The actual interfacial area of the cathode electrode surface should take into consideration the contribution of the nanorod coating. The total surface area for a nanorod coated electrode is calculated from the number density of nanorods per unit surface area times the surface area of an individual nanorod, with dimensions measured from an SEM image. A corrected current density was obtained from the measured current densities shown in Figure 7 and the corrected interfacial surface areas calculated from dimensions measured in Figure 3. Once corrected for surface area, the current density measured for the three nanorod coated samples merged into one, see Figure 8. This result suggests that the reason for the increase in the performance of the denser nanorod coated electrode is explained as the increased interfacial contact area. This observed increase in activity would not have been observed if surface wetting was limiting the electrochemical reaction at the higher nanorod densities.

The shape of an individual nanorod is rectangular with sharp edges and termination in a pyramid shape peak, as was shown in Figure 1(b). When electrically biased in free space, a high electric field region is formed around the exterior of the rectangular nanorod. In a water solution the surrounding medium is as a fluid with a finite relative permittivity that reduces the strength of this field. An interesting case exists in a liquid water bath during electrolysis, where the generation of bubbles presents the opportunity of an enhanced field strength in the vicinity of the nanorod electrode.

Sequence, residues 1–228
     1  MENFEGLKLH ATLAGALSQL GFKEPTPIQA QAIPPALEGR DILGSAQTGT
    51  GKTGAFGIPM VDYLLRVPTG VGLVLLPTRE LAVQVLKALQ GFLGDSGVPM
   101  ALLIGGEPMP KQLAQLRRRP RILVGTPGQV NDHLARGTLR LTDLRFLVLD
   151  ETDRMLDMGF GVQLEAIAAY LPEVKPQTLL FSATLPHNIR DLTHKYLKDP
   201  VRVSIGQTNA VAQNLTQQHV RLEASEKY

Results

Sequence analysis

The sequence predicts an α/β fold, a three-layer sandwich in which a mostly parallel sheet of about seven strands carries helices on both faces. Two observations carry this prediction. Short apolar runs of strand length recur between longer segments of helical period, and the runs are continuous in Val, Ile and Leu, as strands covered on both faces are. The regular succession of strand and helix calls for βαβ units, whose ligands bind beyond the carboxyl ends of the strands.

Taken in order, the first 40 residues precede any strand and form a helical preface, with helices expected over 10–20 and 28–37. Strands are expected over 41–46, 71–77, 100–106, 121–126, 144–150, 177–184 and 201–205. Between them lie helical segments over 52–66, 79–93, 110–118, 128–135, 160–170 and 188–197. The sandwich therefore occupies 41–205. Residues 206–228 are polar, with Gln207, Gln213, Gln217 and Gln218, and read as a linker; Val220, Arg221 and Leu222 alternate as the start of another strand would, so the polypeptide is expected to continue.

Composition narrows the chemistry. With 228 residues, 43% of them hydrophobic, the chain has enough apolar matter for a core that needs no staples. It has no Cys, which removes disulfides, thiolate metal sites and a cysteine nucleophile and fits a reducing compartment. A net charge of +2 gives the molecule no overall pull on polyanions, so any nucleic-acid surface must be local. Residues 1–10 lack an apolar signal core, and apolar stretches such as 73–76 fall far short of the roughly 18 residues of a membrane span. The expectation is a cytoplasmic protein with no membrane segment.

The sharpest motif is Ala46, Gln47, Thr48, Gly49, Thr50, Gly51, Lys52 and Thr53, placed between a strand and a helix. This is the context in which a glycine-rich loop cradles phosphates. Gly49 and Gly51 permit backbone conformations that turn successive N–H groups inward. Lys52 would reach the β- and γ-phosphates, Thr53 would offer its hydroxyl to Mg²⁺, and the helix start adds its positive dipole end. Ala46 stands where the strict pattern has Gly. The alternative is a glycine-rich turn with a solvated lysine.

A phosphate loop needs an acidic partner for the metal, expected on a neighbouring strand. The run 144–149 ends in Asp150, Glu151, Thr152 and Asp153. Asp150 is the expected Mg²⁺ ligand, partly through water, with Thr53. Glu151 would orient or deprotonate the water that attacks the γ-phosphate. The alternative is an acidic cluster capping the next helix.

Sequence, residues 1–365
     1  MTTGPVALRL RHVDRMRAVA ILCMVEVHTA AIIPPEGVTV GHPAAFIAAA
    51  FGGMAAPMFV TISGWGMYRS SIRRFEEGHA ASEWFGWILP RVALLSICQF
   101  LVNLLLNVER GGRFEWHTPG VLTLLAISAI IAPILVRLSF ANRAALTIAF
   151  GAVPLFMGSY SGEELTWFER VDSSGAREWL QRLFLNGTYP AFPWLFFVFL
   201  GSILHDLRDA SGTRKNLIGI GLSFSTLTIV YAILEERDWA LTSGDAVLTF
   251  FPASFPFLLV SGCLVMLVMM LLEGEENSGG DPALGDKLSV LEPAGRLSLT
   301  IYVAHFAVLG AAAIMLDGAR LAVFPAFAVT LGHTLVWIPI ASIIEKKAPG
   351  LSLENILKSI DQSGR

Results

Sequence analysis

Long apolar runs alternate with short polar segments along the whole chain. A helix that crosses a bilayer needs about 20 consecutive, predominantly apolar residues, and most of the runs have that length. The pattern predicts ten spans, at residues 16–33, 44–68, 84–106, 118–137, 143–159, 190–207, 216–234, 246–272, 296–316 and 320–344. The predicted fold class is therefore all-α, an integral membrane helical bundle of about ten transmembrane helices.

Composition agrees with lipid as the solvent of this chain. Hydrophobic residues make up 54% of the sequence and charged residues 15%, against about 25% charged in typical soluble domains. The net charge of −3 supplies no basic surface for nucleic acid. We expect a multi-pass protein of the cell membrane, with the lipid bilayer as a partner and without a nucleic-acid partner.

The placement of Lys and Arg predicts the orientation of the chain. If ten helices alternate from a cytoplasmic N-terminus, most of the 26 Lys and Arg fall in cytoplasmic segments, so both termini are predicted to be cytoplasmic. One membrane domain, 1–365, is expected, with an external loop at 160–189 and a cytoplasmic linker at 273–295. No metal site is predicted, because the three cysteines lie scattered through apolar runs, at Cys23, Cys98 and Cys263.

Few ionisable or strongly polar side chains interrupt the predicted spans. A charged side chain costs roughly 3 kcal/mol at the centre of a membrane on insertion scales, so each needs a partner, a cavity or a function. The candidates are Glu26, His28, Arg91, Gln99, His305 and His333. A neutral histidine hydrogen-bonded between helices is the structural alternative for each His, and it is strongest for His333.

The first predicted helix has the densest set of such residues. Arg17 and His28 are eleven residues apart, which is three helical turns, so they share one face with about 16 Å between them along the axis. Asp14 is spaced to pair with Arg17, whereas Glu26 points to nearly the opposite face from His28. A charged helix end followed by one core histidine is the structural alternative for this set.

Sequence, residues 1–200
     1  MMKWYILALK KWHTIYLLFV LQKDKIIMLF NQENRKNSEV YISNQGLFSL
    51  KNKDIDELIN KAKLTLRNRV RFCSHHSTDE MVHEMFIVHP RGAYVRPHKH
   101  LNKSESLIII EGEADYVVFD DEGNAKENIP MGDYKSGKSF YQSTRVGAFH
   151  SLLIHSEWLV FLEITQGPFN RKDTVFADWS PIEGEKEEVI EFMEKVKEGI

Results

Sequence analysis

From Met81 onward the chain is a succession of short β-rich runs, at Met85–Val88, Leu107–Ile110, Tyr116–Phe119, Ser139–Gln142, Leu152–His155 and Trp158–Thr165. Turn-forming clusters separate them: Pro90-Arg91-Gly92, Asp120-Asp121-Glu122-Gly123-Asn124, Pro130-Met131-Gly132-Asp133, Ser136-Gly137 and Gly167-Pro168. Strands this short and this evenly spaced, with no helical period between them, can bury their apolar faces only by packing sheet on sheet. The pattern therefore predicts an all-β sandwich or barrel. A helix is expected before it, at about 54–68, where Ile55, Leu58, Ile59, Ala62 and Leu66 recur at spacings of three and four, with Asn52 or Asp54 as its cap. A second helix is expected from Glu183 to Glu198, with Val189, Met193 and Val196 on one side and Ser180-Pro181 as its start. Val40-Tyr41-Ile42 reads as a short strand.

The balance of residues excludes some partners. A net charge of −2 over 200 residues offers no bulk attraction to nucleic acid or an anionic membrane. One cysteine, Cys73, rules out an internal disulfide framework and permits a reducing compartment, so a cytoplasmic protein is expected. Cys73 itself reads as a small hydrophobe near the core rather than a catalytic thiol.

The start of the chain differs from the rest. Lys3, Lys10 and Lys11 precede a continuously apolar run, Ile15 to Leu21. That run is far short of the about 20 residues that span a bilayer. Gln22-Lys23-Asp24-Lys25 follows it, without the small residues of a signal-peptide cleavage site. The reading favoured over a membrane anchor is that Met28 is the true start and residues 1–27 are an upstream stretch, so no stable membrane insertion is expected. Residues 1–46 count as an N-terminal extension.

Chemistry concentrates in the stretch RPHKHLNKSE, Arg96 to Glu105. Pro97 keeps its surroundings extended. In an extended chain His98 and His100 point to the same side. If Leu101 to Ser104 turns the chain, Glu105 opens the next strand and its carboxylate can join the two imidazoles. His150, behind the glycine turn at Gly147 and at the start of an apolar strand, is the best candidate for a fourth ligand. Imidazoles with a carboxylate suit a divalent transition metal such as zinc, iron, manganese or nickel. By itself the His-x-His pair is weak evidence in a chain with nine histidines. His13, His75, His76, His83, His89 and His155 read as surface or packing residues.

Figure 8. Cathode overvoltage of various electrodes including those coated with RuO2 nanorods of varying width. A 3.5% aqueous solution of H2SO4 was used as the electrolyte and a Pt wire use used as the anode.

The electrolysis process involves the transfer of electrical charge from one chemical species to another [20] [21] . The electron in the vicinity of the reacting molecule can be modeled as a particle in a one dimensional potential well. When the potential well is placed in an electrical field, the energy required to escape the potential well is reduced to Ea − ΔE (see Figure 9). A nanorod coating on a biased electrode surface is similar to this simple model and can be used to reduce the energy required for electrolysis.